Cornuelle was writing about this shortcoming of libertarian thinking when the socialist experiments of the twentieth century were collapsing. The decline of communism was widely seen as a historical verification of the Austrian critiques of a socialist economy in favor of a market economy, and, more broadly, the critiques of planned organizations (taxis) in favor of spontaneous orders (cosmos). This leaves a big problem, however: accounting for the "visible hand" (Chandler 1993) of organizations that are so important, if not characteristic, of the modern, industrialized market economy, as Cornuelle noted: “As the dust settles on the ruins of the socialist epoch, a second crippling deficiency of libertarian thought is becoming more visible and embarrassing. The economic methodology that the Russians have lately found unworkable still governs the internal affairs of firms in capitalist and socialist countries alike. An economy presumably works best if it is not administered from the top; a factory presumably works best if it is (1991, 3).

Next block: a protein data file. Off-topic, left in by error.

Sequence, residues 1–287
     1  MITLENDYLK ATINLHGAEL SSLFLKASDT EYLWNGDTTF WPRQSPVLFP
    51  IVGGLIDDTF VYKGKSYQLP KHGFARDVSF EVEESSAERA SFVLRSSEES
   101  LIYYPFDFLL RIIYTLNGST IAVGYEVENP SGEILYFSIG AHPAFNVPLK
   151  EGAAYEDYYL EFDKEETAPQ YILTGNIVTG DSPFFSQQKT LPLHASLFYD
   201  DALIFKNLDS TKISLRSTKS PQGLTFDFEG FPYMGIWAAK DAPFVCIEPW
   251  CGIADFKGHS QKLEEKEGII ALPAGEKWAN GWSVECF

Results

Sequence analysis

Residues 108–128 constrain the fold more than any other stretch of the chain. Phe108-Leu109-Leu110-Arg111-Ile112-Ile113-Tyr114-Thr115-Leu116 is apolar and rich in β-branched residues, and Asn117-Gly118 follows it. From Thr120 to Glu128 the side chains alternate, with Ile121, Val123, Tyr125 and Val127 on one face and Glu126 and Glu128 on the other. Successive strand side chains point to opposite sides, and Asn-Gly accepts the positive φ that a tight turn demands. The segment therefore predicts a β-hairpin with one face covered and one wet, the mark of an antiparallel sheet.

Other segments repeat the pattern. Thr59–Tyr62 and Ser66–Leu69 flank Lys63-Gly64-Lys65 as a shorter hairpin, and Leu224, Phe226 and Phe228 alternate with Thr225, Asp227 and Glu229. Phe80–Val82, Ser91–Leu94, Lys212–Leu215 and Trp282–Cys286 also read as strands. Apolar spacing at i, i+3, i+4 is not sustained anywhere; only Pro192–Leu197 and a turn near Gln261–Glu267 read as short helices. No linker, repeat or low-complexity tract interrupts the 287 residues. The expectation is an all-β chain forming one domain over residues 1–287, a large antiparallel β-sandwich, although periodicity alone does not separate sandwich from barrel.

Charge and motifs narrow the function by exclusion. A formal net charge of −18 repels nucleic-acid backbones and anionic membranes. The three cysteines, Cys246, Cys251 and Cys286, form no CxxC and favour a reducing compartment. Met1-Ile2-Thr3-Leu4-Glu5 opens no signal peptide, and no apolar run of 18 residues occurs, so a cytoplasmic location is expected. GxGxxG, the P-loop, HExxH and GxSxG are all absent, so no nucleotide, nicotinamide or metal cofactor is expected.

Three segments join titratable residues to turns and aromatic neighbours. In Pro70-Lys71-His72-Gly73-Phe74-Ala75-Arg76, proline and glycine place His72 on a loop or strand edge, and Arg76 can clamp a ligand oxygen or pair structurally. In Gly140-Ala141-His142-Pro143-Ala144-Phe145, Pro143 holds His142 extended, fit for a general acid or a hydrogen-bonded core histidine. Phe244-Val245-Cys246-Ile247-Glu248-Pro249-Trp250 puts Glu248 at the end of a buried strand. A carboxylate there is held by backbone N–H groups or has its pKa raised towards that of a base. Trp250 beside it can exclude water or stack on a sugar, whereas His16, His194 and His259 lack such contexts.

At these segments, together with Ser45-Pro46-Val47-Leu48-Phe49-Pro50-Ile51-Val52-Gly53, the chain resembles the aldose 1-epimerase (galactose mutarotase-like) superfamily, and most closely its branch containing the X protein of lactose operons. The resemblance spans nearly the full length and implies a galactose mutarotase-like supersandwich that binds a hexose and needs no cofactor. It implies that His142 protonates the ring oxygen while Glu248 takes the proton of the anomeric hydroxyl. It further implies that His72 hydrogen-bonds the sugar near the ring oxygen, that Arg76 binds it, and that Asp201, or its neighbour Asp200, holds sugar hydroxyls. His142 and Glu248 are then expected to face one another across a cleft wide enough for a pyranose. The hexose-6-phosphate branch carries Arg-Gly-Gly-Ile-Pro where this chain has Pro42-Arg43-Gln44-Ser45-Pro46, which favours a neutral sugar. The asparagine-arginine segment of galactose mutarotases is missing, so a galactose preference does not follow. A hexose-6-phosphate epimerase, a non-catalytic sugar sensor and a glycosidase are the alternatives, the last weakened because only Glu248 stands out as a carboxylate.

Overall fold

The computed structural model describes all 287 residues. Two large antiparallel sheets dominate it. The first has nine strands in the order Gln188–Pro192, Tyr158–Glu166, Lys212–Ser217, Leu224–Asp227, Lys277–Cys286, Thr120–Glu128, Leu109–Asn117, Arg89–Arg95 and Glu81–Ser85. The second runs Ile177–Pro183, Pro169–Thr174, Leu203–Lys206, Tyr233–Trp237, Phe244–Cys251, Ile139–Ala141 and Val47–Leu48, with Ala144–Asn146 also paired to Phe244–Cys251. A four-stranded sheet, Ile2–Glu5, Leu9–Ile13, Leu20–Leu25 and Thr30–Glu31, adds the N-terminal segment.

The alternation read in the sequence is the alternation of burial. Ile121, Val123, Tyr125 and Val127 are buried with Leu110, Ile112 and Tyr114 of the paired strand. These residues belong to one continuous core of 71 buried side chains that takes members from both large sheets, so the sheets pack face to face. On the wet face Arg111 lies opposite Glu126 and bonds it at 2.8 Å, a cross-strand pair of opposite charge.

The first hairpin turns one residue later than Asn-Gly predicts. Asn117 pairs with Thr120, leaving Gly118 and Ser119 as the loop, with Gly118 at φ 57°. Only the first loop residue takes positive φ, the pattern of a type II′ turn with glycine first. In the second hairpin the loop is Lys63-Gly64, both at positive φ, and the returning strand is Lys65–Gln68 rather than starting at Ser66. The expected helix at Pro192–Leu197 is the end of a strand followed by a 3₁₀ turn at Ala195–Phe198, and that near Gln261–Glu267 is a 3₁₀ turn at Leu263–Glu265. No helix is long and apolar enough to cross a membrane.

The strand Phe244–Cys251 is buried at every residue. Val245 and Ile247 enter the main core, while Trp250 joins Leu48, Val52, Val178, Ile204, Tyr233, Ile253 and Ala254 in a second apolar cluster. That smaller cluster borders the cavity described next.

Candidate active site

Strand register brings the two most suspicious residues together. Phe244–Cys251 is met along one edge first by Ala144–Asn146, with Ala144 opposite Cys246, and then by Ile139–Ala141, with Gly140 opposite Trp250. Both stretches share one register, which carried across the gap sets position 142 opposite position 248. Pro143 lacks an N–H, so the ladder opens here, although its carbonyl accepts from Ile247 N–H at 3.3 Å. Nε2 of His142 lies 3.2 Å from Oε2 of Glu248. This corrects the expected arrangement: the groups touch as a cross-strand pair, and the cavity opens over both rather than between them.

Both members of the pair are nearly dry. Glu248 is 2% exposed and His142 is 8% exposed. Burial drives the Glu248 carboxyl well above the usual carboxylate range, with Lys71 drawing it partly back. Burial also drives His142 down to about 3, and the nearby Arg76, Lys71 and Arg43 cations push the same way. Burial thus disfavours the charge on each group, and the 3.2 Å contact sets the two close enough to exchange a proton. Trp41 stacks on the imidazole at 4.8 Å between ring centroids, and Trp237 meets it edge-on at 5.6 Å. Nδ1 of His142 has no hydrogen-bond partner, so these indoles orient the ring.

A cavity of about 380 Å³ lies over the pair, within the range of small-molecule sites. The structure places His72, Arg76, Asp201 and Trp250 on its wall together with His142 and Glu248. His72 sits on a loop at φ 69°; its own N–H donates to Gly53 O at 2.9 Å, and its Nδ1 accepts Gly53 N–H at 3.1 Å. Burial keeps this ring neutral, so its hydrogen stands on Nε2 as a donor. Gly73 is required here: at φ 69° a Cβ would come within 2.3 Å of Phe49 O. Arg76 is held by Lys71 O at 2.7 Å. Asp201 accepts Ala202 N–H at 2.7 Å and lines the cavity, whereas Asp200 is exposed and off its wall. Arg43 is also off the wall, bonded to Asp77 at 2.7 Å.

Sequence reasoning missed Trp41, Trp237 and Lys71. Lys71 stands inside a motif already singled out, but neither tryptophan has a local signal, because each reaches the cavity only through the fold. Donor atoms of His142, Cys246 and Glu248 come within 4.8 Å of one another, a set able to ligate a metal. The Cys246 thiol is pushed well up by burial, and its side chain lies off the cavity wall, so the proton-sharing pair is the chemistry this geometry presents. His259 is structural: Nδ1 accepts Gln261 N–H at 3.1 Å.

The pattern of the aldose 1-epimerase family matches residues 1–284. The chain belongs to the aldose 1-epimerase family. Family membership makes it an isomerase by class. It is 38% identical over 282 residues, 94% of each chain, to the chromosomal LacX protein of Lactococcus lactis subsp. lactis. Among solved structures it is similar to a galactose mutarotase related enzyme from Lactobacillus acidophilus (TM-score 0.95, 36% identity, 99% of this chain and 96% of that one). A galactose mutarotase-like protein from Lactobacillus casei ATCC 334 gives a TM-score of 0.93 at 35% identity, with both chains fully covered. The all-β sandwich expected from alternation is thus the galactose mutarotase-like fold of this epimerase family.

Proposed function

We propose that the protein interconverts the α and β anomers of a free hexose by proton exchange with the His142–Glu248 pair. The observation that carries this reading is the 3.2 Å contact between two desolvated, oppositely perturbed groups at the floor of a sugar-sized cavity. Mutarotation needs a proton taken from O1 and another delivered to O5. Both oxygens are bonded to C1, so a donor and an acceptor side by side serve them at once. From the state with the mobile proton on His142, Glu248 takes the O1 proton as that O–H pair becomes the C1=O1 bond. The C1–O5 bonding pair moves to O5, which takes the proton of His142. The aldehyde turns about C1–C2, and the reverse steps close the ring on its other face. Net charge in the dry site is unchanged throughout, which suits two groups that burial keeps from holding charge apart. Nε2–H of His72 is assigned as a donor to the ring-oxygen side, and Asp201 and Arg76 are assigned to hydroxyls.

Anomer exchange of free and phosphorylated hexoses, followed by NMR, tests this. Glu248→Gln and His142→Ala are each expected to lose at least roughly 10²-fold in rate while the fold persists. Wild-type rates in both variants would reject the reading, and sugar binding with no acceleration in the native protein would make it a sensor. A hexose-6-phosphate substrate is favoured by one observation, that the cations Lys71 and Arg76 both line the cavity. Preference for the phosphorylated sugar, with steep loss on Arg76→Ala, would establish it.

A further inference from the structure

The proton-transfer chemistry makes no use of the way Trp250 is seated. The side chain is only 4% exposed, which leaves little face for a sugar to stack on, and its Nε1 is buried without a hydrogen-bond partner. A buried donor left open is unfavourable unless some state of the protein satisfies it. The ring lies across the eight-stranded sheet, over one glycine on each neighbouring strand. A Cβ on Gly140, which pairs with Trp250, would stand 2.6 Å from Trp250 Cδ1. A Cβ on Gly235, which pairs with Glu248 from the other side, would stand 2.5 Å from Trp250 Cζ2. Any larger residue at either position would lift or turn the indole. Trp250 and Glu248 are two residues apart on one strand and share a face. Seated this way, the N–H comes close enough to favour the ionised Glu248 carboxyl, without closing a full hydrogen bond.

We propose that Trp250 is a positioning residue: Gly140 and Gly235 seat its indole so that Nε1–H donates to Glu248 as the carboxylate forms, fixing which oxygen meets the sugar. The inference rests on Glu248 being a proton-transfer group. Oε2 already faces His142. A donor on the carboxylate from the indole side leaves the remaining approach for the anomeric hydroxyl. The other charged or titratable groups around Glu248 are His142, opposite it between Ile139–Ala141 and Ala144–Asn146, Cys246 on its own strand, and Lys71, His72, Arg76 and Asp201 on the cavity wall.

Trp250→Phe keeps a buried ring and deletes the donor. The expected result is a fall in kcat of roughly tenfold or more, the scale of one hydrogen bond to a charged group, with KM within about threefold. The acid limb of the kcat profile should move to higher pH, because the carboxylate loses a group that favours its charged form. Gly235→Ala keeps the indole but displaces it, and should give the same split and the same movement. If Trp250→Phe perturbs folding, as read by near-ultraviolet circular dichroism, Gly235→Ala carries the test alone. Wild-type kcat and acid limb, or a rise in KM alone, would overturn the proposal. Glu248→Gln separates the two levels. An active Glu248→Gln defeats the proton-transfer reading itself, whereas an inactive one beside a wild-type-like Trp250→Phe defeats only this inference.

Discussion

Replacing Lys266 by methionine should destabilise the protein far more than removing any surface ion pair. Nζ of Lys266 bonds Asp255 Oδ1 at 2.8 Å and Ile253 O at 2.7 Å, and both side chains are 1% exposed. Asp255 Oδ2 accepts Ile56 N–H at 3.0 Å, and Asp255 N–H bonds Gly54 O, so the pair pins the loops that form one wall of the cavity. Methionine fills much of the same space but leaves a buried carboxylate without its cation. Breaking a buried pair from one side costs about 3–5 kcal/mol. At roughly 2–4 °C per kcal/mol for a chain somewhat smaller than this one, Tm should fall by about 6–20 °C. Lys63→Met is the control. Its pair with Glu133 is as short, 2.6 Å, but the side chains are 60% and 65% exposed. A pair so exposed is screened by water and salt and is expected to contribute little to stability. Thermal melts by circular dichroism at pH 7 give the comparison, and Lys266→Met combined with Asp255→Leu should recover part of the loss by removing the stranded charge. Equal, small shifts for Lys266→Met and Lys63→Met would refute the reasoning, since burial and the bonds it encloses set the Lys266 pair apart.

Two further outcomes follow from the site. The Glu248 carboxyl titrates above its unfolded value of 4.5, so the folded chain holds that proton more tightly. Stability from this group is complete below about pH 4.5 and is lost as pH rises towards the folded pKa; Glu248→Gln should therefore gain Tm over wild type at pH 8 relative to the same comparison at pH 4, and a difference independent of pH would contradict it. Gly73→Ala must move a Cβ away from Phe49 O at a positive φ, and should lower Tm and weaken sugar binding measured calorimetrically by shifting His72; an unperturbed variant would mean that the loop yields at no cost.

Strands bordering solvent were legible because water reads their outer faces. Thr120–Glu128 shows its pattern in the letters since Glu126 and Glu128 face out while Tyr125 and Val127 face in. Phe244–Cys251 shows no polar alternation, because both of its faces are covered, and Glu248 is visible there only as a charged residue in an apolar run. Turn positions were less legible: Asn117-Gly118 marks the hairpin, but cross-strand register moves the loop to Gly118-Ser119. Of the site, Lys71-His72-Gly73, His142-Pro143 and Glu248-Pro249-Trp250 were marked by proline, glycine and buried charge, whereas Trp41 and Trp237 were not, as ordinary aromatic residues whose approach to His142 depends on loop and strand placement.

Herbert Simon made a similar point at the time: “The economies of modern industrialized society can more appropriately be labeled organizational economies than market economies. Thus, even market-driven capitalist economies need a theory of organizations as much as they need a theory of markets (1991, 42).
These deficiencies in both Austrian and neoclassical economics are relevant to Cornuelle's abiding concern for empowering nongovernmental social action to address social problems. Essential to the thriving of a democracy and a republic is a citizenry that is not only capable of taking initiative and thinking independently but also is accustomed to exercising those virtues in the institutions of daily life. To have social efficacy, these virtues have to be exercised in association with other people in organizations that will amplify individual efforts.
The Employment Relation Versus Democratic Capabilities